Tuesday, February 5, 2013

The long (and not-so-long) arc of history

On this day in 1994, Byron de la Beckwith was convicted -- 31 years after the fact -- of killing civil rights leader Medgar Evers in Jackson, Mississippi.  Evers was slain in his driveway; his wife, Myrlie, and three children were inside the house.  Last month, Myrlie Evers-Williams delivered the invocation at the second inauguration of President Barack Obama.  Nineteen years after her first husband's killer was finally convicted.  Fifty years after Medgar was slain, at a time when the lives of African Americans living in Mississippi (and many other parts of the nation) were severely circumscribed by prejudice and outright brutality.  Much remains to be done, but even so I'm struck sometimes by the power of numbers as they chronicle years.  Sometimes they become so large as to obscure the relevancy of history, but deeply considered they begin to place context around historical events and make them tangible.  It took just two years less time than I've been alive to prosecute someone for an atrocious crime.  My college freshmen were born and have lived since then.  But in just fifty of those years -- my life, plus theirs, less a couple years (anyone have a toddler to toss into the equation?) -- we've moved from desperate conditions of segregation to the point where a woman whose husband was slain as a rabble-rouser is not just present, but praying at the inauguration of the most powerful person in the world.  Who happens to be black.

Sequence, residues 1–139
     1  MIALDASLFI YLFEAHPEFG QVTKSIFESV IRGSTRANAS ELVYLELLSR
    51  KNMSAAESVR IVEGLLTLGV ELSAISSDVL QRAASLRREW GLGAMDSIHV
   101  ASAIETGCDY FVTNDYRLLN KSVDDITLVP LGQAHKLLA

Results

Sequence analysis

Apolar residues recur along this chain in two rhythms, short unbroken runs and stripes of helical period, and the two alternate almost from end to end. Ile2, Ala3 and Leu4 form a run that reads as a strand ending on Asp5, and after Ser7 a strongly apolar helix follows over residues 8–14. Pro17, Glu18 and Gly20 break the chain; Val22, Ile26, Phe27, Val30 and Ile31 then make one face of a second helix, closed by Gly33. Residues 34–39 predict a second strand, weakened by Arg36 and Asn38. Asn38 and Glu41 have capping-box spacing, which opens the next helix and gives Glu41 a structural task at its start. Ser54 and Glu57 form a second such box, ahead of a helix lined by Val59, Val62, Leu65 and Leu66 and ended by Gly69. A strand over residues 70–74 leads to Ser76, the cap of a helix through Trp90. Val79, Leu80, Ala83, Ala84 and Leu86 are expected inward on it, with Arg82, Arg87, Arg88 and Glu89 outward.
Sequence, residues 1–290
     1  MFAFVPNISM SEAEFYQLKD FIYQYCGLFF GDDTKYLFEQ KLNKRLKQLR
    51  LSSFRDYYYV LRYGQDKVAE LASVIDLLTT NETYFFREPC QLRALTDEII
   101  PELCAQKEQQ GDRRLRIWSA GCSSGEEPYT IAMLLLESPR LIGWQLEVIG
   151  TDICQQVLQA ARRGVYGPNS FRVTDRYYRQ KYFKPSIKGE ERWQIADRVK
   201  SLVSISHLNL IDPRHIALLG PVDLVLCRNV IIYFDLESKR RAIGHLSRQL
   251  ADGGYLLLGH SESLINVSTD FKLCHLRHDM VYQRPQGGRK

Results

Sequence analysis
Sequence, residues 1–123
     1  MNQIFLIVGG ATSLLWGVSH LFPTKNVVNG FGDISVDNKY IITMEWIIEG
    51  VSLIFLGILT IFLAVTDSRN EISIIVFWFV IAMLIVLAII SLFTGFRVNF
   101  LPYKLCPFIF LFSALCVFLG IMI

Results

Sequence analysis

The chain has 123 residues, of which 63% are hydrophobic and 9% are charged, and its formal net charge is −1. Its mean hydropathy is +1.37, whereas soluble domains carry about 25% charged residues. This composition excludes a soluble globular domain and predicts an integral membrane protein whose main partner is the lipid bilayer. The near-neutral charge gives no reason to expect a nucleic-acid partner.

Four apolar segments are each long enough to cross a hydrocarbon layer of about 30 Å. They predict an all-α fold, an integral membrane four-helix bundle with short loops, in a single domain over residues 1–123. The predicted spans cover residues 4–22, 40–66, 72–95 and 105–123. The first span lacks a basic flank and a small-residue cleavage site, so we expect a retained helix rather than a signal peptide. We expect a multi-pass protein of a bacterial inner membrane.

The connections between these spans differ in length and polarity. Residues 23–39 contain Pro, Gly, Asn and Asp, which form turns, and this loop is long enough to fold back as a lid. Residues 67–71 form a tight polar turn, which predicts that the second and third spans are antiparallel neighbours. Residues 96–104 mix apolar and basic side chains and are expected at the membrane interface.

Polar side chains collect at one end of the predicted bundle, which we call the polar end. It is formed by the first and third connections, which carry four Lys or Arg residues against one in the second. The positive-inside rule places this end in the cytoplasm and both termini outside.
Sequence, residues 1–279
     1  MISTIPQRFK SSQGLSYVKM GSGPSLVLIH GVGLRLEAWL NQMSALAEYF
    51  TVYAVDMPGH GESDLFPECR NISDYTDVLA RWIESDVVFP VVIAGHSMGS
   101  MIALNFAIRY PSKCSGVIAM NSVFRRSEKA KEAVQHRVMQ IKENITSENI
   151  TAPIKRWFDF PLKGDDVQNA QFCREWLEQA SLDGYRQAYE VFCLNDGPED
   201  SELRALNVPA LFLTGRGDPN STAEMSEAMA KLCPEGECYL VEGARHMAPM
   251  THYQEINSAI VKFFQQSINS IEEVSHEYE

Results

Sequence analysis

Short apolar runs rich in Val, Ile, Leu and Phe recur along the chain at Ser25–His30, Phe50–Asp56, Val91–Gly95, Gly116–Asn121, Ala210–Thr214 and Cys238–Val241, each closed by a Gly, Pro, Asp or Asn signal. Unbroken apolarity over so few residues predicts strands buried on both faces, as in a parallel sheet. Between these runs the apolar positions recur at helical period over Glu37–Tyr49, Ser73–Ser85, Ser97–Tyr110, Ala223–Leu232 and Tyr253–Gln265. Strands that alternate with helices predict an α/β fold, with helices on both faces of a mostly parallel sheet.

Wonder how long it will take before the children of the inner city in the capital where the inauguration took place have an equal chance at life?  How will that math play out?  Time will tell.  I hope they are calculations of the years of the young and not of the very old.

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